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Parliamentary Meeting on 4th High Level Forum on Aid Effectiveness, Busan, ROK

The most important words uttered at the Fourth High Level Forum on Aid Effectiveness came from Lee Myung-bak, the President of the Republic of Korea;

Fifty years ago when as a child and Korea was a war ravaged country, it needed aid. Today it’s the 13th largest economy in the world, the second fastest growing economy in the OECD and an aid donor.

That single statement confirms that despite the complexity of aid, despite the myriad cultures, despite the challenges that are presented from clean water to conflict to corruption, aid works.

And for any remaining Doubting Thomas’s ‘out there consider this: Korean investment in the UK and exports are worth £8 billion per year and are set to increase by £500 million year on year as a result of the South Korean/EU Free Trade Agreement.

The total British Aid budget is £7.8 billion.

Korea is a living, breathing, bustling, swelling mass of humanity, which provides the self-evident truth that not only is aid the right thing to do but that when it works it pays off economically for donor countries.

If you believe in that explanation as a foundation, and I do, the next logical question is how do you deliver aid effectively? And that was the challenge set for politicians, civil society organisations, private sector, NGOs and multi-laterals who gathered in Busan from 29 November to 1 December 2011.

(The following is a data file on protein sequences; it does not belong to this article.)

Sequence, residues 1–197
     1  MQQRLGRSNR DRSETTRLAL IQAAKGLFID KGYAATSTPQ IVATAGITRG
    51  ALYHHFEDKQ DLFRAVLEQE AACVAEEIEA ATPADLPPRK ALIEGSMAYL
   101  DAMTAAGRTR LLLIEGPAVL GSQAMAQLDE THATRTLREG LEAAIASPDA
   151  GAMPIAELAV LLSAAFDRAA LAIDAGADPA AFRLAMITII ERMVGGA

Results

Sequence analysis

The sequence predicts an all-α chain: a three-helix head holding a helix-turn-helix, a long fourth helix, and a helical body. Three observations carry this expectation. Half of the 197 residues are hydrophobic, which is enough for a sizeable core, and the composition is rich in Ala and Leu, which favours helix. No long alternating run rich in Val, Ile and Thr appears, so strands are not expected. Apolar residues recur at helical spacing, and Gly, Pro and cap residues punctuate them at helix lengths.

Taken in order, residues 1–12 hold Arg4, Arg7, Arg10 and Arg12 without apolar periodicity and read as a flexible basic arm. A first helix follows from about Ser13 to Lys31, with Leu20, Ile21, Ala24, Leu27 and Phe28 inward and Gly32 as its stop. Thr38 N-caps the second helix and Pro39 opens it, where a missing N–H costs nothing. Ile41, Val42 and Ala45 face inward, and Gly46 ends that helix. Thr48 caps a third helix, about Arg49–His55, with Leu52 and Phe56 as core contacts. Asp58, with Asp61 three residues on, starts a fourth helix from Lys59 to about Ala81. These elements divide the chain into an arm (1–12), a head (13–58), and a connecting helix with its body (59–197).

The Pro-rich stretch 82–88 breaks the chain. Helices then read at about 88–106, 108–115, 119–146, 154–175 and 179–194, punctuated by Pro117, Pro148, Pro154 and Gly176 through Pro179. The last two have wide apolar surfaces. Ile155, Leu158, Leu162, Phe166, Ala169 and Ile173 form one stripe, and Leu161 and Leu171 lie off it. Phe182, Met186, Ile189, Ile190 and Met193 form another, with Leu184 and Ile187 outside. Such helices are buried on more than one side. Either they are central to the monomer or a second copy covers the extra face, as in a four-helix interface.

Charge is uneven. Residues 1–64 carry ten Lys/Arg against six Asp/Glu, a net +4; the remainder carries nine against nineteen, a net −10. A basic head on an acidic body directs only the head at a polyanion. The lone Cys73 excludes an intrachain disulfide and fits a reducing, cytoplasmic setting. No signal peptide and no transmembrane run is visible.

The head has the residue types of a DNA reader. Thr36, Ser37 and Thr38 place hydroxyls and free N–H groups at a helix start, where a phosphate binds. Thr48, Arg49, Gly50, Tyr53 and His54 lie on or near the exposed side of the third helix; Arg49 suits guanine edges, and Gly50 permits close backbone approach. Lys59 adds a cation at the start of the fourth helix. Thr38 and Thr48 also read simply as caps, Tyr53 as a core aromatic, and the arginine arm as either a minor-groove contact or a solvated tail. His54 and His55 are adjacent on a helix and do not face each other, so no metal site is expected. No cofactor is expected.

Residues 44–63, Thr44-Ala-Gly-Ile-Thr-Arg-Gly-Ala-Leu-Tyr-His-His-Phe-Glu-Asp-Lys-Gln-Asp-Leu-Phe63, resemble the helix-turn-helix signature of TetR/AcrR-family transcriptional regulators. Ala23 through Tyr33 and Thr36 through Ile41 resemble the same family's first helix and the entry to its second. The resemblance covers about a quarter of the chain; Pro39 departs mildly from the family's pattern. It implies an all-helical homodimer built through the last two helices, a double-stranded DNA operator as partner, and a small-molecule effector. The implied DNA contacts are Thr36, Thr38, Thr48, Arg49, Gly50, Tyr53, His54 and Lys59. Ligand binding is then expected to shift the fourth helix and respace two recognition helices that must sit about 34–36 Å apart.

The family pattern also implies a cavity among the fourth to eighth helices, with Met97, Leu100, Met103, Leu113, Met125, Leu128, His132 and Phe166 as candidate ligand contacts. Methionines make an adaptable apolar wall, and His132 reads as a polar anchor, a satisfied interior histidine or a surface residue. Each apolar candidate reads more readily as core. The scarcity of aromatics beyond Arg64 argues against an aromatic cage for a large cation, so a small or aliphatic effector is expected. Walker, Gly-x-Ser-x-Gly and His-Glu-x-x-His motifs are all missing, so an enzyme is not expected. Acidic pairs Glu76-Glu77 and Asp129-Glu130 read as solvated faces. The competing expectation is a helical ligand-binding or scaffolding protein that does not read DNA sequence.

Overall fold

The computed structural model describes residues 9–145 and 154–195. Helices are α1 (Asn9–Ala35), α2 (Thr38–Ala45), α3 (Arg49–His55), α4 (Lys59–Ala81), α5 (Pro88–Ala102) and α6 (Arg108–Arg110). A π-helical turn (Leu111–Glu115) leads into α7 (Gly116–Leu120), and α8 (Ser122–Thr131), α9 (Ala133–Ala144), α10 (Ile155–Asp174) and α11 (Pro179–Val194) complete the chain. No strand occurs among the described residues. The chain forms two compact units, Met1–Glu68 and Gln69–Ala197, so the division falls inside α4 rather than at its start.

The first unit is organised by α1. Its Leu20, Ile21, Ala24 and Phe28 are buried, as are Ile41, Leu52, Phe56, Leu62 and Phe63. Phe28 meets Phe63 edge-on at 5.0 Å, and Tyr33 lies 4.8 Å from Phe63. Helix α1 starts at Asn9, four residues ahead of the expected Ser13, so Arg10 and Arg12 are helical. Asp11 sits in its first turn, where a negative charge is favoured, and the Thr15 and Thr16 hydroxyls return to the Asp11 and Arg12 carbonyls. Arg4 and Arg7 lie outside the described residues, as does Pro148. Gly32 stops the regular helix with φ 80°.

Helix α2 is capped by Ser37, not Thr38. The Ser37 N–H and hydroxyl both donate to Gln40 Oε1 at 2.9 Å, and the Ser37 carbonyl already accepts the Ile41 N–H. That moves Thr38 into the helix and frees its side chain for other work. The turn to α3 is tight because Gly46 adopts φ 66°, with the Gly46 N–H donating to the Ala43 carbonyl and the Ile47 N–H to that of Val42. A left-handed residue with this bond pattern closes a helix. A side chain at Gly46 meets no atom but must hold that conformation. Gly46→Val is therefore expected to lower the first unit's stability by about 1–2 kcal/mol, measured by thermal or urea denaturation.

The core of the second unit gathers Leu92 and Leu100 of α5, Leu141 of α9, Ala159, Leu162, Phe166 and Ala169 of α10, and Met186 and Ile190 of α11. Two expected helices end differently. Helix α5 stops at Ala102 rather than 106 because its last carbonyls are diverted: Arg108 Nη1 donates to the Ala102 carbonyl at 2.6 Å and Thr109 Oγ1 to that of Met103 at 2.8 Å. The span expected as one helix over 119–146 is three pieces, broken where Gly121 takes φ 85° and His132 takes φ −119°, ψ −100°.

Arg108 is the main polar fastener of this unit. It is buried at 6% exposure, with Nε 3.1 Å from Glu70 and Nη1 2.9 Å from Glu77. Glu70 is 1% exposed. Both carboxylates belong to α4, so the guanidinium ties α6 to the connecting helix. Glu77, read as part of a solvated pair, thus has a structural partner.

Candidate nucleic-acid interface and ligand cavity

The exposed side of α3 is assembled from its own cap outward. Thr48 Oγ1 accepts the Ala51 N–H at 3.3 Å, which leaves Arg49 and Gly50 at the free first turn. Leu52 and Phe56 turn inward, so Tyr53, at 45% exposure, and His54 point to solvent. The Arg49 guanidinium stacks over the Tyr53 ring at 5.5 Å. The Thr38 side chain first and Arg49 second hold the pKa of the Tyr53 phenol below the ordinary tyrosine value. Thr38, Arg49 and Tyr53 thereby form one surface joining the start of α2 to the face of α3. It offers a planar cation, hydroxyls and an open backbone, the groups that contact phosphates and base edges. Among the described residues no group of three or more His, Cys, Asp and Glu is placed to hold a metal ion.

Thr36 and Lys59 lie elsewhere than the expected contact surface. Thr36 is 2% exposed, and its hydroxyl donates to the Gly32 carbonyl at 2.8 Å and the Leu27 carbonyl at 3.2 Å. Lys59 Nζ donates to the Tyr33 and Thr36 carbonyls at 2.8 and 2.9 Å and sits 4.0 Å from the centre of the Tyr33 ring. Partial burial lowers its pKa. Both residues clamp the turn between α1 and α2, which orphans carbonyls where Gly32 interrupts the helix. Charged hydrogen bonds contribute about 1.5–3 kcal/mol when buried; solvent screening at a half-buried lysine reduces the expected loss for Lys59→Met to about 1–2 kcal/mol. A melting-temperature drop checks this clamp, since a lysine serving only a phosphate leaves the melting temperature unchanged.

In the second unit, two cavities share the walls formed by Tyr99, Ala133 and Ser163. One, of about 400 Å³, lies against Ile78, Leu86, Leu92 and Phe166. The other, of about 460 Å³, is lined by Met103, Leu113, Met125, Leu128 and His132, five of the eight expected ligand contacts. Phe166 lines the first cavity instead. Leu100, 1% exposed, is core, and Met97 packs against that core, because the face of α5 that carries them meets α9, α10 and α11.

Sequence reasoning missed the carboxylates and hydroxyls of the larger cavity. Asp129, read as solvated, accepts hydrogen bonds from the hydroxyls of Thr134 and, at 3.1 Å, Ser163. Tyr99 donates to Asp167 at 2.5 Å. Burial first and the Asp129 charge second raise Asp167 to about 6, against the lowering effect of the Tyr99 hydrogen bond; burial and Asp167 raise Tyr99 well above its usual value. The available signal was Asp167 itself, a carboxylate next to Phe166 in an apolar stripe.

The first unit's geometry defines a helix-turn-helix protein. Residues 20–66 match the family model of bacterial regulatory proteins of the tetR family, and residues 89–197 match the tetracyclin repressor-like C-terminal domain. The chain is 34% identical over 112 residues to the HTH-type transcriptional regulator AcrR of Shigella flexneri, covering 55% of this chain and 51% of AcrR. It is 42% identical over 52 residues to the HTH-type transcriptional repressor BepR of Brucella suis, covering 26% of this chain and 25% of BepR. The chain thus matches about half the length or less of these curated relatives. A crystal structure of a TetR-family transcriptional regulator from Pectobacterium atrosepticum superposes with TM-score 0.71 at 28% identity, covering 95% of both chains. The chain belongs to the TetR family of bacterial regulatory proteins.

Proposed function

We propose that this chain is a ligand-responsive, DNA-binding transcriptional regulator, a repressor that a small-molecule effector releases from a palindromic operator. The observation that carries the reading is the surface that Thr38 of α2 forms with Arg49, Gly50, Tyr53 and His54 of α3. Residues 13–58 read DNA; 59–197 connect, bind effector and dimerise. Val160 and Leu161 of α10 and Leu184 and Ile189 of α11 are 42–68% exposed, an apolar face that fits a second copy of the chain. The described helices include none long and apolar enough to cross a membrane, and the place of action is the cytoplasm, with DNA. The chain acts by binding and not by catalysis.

I participated in the event through the Inter-Parliamentary Union, and I was keen to explore the role that Parliaments and Parliamentarians can play in development and aid effectiveness.

And to be honest, the foundation that I’ve just mentioned took a bit of a jolt at the first IPU get-together.
British democracy has matured over centuries and we have sophisticated mechanisms to ensure that scrutiny is at the heart of decision-making processes whilst at the same time giving the democratically-elected Government the right to govern and make decisions.

Conversely, developing countries in Africa range from fledgling democracies to fragile, war-torn states that you wouldn’t trust with a thin dime. That’s not meant as a cheap, throwaway statement; it’s fact.